Social and mobile games boost Caesars Interactive Q3 revenue

caesars-acquisition-company-resultsCaesars Acquisition Company (CACQ) saw its interactive operations revenue double in Q3 thanks to continued strong showings by its social casino and mobile game operations. Caesars Interactive Entertainment (CIE) generated revenue of $161.6m in the three months ending Sept. 30, up 104.8% over the same period last year. Adjusted earnings from social gaming and real-money online gambling in New Jersey and Nevada rose 74.5%.

CACQ was created last year by the heavily indebted Caesars Entertainment to hold an interest in Caesars Growth Partners (CGP), yet another offshoot that controls CIE along with three brick-and-mortar casinos in Las Vegas (Bally’s, Cromwell and the Linq) plus Harrah’s New Orleans and the newly opened Horseshoe Baltimore. The cleaving off of these assets is the subject of multiple legal claims by annoyed debt holders, who accuse Caesars of trying to insulate its more profitable assets as it teeters on the brink of bankruptcy.

CACQ’s overall revenue was up 49% to $485.8m and adjusted earnings rose 34% to $105.4m. CIE’s revenue was half the sum generated by its brick-and-mortar CGP soulmates, but CIE’s share of overall revenue rose to one-third, up from one-quarter in the same period last year. CIE benefited from February’s acquisition of social gaming studio Pacific Interactive while fresh B&M revenue came via the openings of the Cromwell in May and Horseshoe Baltimore in August.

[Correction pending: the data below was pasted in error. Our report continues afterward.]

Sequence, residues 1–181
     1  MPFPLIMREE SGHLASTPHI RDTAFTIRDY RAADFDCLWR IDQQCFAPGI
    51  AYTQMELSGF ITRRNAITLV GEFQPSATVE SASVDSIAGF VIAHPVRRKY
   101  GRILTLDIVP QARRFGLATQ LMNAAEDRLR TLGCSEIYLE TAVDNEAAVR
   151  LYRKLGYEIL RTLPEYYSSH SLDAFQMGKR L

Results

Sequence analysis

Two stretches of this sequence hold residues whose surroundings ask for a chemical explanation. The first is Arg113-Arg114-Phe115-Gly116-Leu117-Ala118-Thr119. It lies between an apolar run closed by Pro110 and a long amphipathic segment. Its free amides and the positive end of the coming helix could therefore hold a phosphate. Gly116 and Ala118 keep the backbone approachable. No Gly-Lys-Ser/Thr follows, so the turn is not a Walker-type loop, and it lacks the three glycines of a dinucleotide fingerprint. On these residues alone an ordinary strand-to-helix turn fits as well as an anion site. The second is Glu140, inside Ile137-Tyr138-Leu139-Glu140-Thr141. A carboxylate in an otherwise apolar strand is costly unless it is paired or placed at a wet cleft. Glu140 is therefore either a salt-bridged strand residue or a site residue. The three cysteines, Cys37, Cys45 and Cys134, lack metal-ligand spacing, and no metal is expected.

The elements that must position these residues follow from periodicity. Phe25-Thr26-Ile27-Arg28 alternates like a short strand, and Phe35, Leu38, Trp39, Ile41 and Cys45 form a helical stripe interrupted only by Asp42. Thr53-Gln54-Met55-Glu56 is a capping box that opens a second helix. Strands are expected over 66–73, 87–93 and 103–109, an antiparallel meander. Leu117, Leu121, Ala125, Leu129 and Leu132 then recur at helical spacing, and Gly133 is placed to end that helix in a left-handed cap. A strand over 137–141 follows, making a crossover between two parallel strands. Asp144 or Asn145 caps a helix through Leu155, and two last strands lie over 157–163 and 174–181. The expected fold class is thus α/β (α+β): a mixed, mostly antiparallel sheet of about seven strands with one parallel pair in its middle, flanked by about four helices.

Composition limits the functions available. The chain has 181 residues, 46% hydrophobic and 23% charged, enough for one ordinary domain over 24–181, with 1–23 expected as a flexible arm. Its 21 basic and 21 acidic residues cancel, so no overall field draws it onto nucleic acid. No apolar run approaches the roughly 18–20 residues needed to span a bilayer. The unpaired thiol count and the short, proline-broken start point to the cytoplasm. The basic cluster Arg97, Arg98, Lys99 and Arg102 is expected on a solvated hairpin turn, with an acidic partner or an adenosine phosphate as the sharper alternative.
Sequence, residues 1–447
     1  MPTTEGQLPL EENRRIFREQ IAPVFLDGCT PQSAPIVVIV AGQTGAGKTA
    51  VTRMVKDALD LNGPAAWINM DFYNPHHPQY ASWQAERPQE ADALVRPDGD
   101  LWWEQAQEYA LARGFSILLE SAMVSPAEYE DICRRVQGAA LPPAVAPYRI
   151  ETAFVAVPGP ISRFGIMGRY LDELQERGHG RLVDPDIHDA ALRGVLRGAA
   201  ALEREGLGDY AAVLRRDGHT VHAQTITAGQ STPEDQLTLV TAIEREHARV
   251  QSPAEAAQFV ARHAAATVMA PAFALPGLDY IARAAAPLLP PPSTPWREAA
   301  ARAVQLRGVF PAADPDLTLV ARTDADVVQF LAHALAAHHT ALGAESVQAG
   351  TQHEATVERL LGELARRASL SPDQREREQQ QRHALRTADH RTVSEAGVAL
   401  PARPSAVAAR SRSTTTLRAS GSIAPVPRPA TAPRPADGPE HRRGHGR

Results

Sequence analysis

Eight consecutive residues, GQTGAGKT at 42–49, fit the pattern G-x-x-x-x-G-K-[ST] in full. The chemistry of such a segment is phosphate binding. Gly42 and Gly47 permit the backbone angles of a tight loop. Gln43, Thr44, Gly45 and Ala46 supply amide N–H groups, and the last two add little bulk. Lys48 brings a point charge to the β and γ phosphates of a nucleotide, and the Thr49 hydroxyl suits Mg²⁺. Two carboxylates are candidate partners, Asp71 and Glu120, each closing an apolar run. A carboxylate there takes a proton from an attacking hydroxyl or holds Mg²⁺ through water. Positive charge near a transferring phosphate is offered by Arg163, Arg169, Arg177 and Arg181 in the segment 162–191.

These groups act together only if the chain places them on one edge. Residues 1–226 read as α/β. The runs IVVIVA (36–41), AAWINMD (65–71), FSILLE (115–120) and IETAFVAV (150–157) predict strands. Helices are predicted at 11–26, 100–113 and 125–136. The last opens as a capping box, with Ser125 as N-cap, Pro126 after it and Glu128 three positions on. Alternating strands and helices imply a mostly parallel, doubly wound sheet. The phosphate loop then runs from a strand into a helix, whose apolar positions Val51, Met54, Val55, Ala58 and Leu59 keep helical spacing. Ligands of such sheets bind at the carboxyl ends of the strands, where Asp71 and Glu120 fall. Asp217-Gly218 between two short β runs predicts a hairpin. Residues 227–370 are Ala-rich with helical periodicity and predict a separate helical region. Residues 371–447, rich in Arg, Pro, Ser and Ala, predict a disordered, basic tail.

Real-money gambling and the World Series of Poker operations generated just $10.3m of CIE’s revenue. Increased marketing and operating costs in real-money online gambling markets was credited for helping drag down CIE’s operating income 11.5% to $20.1m. CACQ CEO Mitch Garber told analysts the real money online gambling activity in New Jersey continued to be “relatively low compared to our expectations.” The quarter saw the launch of new mobile slot content in New Jersey and a new Android app in Nevada (an iOS counterpart is due in coming months).

CIE’s social and mobile active user numbers posted good gains across the board, but average monthly unique payers – those all-important people who willingly swap real money for the pretend stuff – doubled year-on-year to 595k, representing 3.6% of average monthly unique users. Average revenue per user rose three cents to 29¢.

Garber has high hopes for CACQ’s efforts to link its online operations to the Total Rewards program, allowing users to earn points that can be redeemed for non-gaming amenities at brick-and-mortar properties across the Caesars anagram rainbow. Garber claims this tie-up will be “a key differentiator for us in the US real money online gaming market.” (A similar plan for social games is working wonders for the myVegas tandem of Playstudios and MGM Resorts.)

Garber says CACQ will continue to be “very opportunistic” on the acquisition front and a new purchase won’t necessarily involve another casino-themed developer. Garber says he’s been thinking of “branching out” for a long time because CIE is “the best monetization company for social and mobile games in the world.”

Garber noted that CIE “don’t think we are particularly smart” at creating new games from scratch so the company was looking to acquire an existing title “that we think is being under-monetized” and “leverage maybe the evergreen nature of that particular game and our monetization talent.”